MCSSHA

    The hashing algorithms of the MCSSHA family were developed during 2008 - 2013. The first versions of MCSSHA-3 and MCSSHA-4 were intended for the NIST-held SHA-3 competition. Later versions of MCSSHA-5 and MCSSHA-6 were developed, as well as a test program for testing the speed of hashing.

 

 

 

 

 

 

 

 

 

 

 

 

 

 

 

 

 

 

 

 

 

 

 

 

 

 

 

Latest version

    The latest version of MCSSHA hash function, MCSSHA-8, was introduced in 2014 on Password Hashing Competition. The source code and description are available on the PHC website.

    This hash function can be useful for crypto currency. Why?

    1) its implementation is very simple. Program size - near 5 kb.

    2) this is a very fast algorithm.

    3) JP Aumasson on PHC conference in Las Vegas august, 5 of 2014 said that MCSSHA-8 "is more security" that previous versions of MCSSHA.

 

MCSSHA history            Cryptography expertise MCSSHA                    Speed of MCSSHA                           

MCSSHA-3                    http://131002.net/data/papers/AN08.pdf        http://bench.cr.yp.to/results-hash.html

MCSSHA-4                    http://131002.net/data/papers/AN09.pdf        SHA-3 speed tests

MCSSHA-5                   

MCSSHA-6

MCSSHA-7

MCSSHA-8 (eng)

MCSSHA-8 (ru)

 

 

The history

    SHA-1 is not stable! This news flew around the cryptographic world in 2005. But SHA-1 is a hash algorithm, and there are no secret keys in the hashing algorithm, nothing is encrypted here, what is meant by its persistence? Here it should be noted that one of the main uses of the hash algorithm is an electronic signature, when for the application of the mathematical apparatus of an electronic signature the message of arbitrary length must be "compressed" into its hash function of fixed length, from which the signature is then calculated using a secret asymmetric key, and using of an open one is checked. Here the word "compressed" is intentionally put in quotation marks, since the classical compression assumes the possibility of the subsequent restoration of the original message from the compressed text, and for the hashing algorithm, on the contrary, the possibility of restoring the original message from its hash function should be practically umpossible. How difficult it is for a hash function to restore a hashed message or to get any information about it is the first criterion for estimating the persistence of a hash function.

    Messages of arbitrary length are infinitely large, and the values ​​of a fixed-length hash function are finite; therefore, there are certainly different messages that have the same hash functions. How difficult it is to find them is the second criterion for the stability of the hashing algorithm. A pair of messages with the same hash functions in cryptography is usually called a collision of hash functions, and there are two kinds of collisions: the first, when you want to select a message with the same hash function to some fixed message, and the second, when you just need to find an arbitrary pair of messages with the same hash functions.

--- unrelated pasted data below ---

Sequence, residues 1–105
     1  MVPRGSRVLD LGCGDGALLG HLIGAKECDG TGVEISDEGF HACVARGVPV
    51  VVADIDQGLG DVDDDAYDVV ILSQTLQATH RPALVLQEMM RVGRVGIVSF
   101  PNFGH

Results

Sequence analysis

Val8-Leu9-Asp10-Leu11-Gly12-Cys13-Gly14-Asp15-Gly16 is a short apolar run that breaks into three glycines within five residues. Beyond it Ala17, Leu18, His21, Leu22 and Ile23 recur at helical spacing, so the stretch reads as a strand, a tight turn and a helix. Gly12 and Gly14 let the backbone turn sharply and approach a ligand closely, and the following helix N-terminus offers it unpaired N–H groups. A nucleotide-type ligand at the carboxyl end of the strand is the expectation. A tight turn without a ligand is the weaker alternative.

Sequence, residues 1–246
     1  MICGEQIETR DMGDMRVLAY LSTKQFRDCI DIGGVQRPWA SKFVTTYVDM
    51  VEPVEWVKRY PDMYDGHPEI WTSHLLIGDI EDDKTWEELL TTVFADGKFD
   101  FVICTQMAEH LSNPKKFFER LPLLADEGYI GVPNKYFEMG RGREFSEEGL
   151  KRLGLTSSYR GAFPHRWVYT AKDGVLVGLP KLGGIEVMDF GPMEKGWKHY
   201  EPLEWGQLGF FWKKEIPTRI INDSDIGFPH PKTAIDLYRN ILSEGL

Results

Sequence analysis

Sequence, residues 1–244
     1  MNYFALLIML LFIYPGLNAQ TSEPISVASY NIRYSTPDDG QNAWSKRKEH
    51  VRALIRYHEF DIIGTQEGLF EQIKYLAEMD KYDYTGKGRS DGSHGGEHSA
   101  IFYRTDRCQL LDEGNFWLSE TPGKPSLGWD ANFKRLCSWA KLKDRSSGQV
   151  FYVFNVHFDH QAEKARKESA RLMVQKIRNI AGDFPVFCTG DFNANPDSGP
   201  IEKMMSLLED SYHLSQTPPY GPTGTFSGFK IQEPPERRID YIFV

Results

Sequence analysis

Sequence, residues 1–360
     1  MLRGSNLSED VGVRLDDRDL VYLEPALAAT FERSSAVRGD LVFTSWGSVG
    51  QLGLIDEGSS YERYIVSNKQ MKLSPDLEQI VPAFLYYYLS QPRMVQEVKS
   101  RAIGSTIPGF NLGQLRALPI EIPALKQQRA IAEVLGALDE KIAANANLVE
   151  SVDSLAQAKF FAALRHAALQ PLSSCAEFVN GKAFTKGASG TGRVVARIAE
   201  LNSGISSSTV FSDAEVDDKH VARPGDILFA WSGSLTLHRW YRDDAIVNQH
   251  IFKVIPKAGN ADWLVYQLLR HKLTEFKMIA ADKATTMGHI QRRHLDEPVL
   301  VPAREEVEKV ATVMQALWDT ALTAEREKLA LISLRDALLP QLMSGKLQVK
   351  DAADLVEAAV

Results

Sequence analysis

Let's try to imagine an ideal hash function, i.e. one for which for each of the above criteria the best of the estimates is brute force, a method of brute force. What are the brute force estimates for the hash function?

    Let's start with the first criterion. Here, like, everything is clear: we pull random messages, calculate the hash function for each of them and check it for a coincidence with the value of the hash function that we have. If we assume that the length of the hash function is 2n bits, then the most efficient method should be the choice of random messages and each of them should give a random and equiprobable vector of length n as a hash function, or, in official language, preimage resistance of approximately n bits. The same estimate will also be true for finding a collision of the first kind. But to find a collision of the second grade will require an average of 2n / 2 tests - then comes into effect the paradox of birthdays. In the official language mentioned above, this is called collision resistance of approximately n / 2 bits. This is the picture of an ideal hash function.

    What happened to SHA1? Bruce Schneier's article Cryptanalysis of SHA-1, published on February 18, 2005, states that three Chinese cryptographers were able to find a method of constructing a second-class collision for SHA1 for 269 operations. If you consider that the length of the SHA1 hash function is 20 bytes or 160 bits, then an ideal hash function of this length should require an average of 280 tests to solve a similar problem. Therefore, SHA1, as follows from this article, is not an ideal hash function. A 269 is about 1021. It's not so astronomical, but from the cryptographic point of view it's just critical. Bruce Schneier gives estimates of the time and complexity of its practical solution - 1,757 days (4.81 years) by 33,125 users.

    SHA1 is now, perhaps, the most widespread in the world of hashing algorithms. Even such purely abstract suspicions of its unreliability forced the American NIST (National Institute of Standard and Technology) to take urgent measures. On November 2, 2007, an open tender for the development of hash functions of the third generation SHA-3 was announced. Here it should be noted that the second-generation hash functions SHA-2 already exist, they were developed by the American NSA, but for some reason NIST decided to hedge and hold an open competition for SHA-3.

    The requirements for SHA-3 candidates were published on the NIST website (copy of the NIST requirements), if we took their cryptographic part, then the demand was the same: NIST needed ideal hash functions, which do not allow for the currently known methods of analysis other than brute force.